HISTORY OF MUSIC IN THE RECORDING INDUSTRY AGE – pt 3
HISTORY OF MUSIC IN THE RECORDING INDUSTRY AGE – pt 3
• Coon Song [ genre, 1880s – 1920s ]
Coon Song was a major genre and trend in popular music in the United States from about 1880 to 1920. Arguably it was the first commercial genre in the history of music in the recording industry age. Therefore the first pop, along with marches and danceable classical music.
It mixed various styles of American popular music with vocals and lyrics that were meant to be ironic.
Petty humour indeed.
Typically Coon Song presents a racist and highly stereotyped image of African Americans. It all relied on the segregationist and white supremacist regurgitation that followed the Reconstruction after the American Civil War. Slavery had recently been abolished. Even just a theoretical equality between whites and blacks was hard to perceive. Especially in the South of the US.
There was then a widespread white fear that African Americans would migrate from rural to urban areas, particularly in the North. Which is exactly what happened.
People of primitive nature, wearing fancified clothes, jewelry and habits. This was the picture. A marked racist nuance was therefore added to the usual periphery/center cleavage.
It took World War I and subsequent cultural shock and social change to decrease public tolerance for racism. Coon Song lost popularity soon after.
Ironically, racist born Coon Song worked as a picklock to bring, later, authentic African American music to the attention of the white American mainstream. Black American music didn’t have much of an impact on mainstream recorded music until the Blues and Jazz boom of the 1920s, indeed. But African Americans have played an important role in the record industry since its inception.
• George Washington Johnson
There was a moment when George Johnson, a slave-born African American, had to record the same song more than fifty times a day. He first demonstrated how successful an African American on records could be. He opened the door for the many who would follow him.
His first recorded hit was “The Whistling Coon” in 1889. It went number one for five weeks in July and August 1891. Just after his even more successful “The Laughing Song” kept number one for ten weeks in April, May, and June 1891. So he basically was number one in the US from April to August 1891.
Those two tunes have been essentially the first commercial hits in the history of music in the recording industry.
Despite the various versions of white artists, it was Johnson what the operators of the phonograph parlors and the public wanted.
• From slavery to a recording studio
George W. Johnson was thus the first African American singer to achieve fame through recordings. He was born a slave in Loudoun County, Virginia, in October 1846. His father was fifteen and his mother only twelve or thirteen. They were freed in 1853, before the Civil War and before the abolition of slavery that followed.
His parents were illiterate but he grew up in a wealthy farmers house, with the Moore family, as a servant and personal companion of their young son Samuel. They taught him to read and write, not only unusual at the time but downright illegal for an African American in the pre-war south. When Samuel then learned to play the flute, George learned to whistle along and developed a vast repertoire of melodies.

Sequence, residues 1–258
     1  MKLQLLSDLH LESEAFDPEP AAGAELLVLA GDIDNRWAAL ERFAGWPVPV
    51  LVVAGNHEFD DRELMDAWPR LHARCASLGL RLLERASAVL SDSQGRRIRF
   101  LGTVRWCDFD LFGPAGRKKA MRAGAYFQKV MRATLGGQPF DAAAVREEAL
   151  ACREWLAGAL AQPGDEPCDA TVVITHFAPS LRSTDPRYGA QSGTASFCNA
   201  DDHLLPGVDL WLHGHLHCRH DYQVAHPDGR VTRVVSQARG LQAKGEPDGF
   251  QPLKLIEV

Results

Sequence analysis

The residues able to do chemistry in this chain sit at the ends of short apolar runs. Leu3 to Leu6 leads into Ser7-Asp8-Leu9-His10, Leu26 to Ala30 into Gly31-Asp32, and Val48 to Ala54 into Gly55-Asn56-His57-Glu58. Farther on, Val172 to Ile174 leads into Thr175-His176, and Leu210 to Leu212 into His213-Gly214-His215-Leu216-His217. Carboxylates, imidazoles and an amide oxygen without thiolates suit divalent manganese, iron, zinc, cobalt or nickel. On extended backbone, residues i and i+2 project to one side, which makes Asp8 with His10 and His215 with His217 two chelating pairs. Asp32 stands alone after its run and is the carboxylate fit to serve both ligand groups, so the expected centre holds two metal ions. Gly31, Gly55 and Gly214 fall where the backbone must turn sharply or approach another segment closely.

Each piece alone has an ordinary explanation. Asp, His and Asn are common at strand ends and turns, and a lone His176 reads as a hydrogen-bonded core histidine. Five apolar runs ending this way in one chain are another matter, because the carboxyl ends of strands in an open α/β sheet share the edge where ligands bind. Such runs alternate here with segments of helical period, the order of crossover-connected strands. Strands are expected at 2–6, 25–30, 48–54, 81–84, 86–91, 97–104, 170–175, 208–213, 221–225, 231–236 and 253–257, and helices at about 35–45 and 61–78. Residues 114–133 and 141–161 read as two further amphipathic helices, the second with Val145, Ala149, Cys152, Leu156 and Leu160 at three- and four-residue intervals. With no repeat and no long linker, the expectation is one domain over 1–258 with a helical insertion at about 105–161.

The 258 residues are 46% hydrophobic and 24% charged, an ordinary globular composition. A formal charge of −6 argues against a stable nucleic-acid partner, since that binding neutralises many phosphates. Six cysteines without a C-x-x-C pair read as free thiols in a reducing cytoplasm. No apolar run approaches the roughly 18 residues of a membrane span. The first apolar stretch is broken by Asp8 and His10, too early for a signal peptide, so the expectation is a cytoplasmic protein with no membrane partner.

Then came the war, with its devastating social and economic effect on the South in general and the area where Johnson lived, one of the main battlefields, in particular. During the chaotic days following the abolition of slavery then, he moved like so many others to the north, to New York. He lived as a street performer who whistled and sang songs at the ferry terminal for pennies. In 1890 Victor H. Emerson of the North American Phonograph Company took him to a recording studio. The song that Emerson wanted Johnson to record was that “The Whistling Coon” already known in the minstrel shows. Then came “The Laughing Song”.
• A black man singing Coon Songs
Both Coon Songs, the lyrics of The Whistling Coon and The Laughing Man are racist and humiliating to say the least, no doubt. A former slave, educated and literate, who earns his living by singing overtly racist songs, this was the scenario. What and how Geroge Johnson must have felt while repeatedly singing these lyrics is hardly understandable by today’s minds. Certainly there is a risk of anachronisms by trying to attribute today’s values to the perceptions of the past. All this, however, is of enormous help in being able to fully reflect on the customs and values of the American society of the 1890s, when these recordings went so immensely popular.
He recorded them literally thousands of times. Each recording was unique, and the relative compensation allowed him a more than decent life at the time: he earned $ 200 in a week, an average American white worker earned $ 500 a year.
But there were no copyright laws, yet. No royalties. Once the discs replaced the cylinders, companies only needed one or two good recordings for a master that could be duplicated indefinitely. His star stopped shining, his income ceased.
Twice he was accused of murder, two different common-law wives found dead. Twice acquitted.
George Washington Johnson had demonstrated how successful an African American on records could be. He died poor and forgotten although, on January 23, 1914, at the age of 67, in a public house in Harlem. A sad ending for the first African American star in the history of the record industry. He was buried without particular glory in the Maple Grove cemetery in Kew Gardens, Queens, New York, where, however, finally in 2014, a hundred years after his death, a memorial was dedicated to him.